PARIS (Reuters) - Activists have gone on hunger strike to denounce what they say is the international paralysis over Syria and the inability of President Bashar al-Assad’s opponents to unite.
The group, made up of Syrians and other nationalities, began the hunger strike in Turkey at the end of August. The movement has since spread to countries including France, the United States and Jordan.
About 40 are on hunger strike, with a further 12 suspending their action until later this month, the group said.
They want the International Criminal Court to open a case against Assad, European Union governments to close all Syrian diplomatic missions and that Egypt to consider refusing Suez Canal entry to any ship deemed to be transporting military aid to the Syrian government.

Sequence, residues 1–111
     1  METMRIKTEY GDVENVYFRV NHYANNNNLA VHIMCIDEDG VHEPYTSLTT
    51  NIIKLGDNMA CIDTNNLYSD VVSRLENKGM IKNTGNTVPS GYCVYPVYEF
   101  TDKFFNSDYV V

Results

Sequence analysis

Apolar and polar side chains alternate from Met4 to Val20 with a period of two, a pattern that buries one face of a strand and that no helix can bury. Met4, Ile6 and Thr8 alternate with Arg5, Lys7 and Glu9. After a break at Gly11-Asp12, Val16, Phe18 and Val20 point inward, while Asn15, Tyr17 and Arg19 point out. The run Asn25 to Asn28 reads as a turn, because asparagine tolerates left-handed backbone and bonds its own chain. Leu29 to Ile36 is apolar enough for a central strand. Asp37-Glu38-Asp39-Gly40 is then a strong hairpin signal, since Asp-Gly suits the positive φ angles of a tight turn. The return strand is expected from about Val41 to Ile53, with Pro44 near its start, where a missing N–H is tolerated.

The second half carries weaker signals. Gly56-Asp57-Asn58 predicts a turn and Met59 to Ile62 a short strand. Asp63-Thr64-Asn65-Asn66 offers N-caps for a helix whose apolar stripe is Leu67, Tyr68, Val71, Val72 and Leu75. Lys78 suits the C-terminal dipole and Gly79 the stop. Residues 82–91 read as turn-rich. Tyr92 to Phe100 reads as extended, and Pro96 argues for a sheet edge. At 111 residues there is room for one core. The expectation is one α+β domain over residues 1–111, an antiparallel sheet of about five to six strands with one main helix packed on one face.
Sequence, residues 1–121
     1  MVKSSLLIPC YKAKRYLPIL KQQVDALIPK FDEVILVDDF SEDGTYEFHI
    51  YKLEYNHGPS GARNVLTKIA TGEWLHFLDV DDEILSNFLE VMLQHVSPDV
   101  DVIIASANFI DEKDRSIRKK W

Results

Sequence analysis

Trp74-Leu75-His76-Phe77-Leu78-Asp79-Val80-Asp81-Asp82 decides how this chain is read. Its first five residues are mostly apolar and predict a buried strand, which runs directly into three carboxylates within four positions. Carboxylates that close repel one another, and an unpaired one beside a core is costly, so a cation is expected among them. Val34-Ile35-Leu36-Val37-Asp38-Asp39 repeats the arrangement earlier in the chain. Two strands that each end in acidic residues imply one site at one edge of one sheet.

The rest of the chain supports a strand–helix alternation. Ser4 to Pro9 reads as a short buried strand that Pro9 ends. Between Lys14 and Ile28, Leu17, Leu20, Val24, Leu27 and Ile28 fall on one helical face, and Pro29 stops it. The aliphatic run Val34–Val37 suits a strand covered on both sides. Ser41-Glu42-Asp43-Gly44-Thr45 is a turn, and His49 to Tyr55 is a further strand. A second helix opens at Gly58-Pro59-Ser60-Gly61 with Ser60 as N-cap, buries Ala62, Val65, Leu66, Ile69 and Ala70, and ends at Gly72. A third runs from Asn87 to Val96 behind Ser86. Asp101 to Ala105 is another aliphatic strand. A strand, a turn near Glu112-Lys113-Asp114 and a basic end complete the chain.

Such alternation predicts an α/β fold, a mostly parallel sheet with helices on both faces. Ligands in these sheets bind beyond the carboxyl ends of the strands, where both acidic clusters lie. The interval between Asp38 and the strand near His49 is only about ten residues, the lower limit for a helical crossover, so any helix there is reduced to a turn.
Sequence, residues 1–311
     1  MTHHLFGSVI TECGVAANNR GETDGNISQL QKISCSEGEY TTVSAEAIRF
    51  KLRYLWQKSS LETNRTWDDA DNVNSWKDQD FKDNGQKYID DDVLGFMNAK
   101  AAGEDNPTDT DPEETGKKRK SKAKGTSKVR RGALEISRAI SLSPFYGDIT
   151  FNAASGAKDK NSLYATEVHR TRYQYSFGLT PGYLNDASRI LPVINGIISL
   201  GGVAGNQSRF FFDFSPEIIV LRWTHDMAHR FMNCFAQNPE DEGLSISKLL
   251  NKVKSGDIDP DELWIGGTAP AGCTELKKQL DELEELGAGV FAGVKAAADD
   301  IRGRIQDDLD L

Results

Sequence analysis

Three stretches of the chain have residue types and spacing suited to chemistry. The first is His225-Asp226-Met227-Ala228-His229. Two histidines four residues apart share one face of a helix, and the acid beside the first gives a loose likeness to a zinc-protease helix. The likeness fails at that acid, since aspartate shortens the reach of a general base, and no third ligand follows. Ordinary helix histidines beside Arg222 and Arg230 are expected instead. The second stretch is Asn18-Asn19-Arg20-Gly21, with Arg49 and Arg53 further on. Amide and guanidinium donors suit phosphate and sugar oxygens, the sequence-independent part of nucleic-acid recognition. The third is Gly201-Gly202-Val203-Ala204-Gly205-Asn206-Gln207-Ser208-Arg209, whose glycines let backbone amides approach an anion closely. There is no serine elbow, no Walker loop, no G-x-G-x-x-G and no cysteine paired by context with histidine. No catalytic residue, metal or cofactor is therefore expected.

“The time now is extremely sensitive. I think we now need support from governments and people around the world,” said group spokesman Ahmed Naji.
“All these crimes and massacres are being done with the indifference of the international community,” said Naji, a former travel insurance executive who fled Syria to Jordan and then Paris in early July.
The activists, who mostly met through social media networks, say their demands must be met by September 20 or their movement will intensify.
Naji said more Syrians and other nationals had indicated they planned to join the strike which would seek to set up permanent camps at prominent landmarks to gain publicity.
Reporting by John Irish; Editing by Alison Williams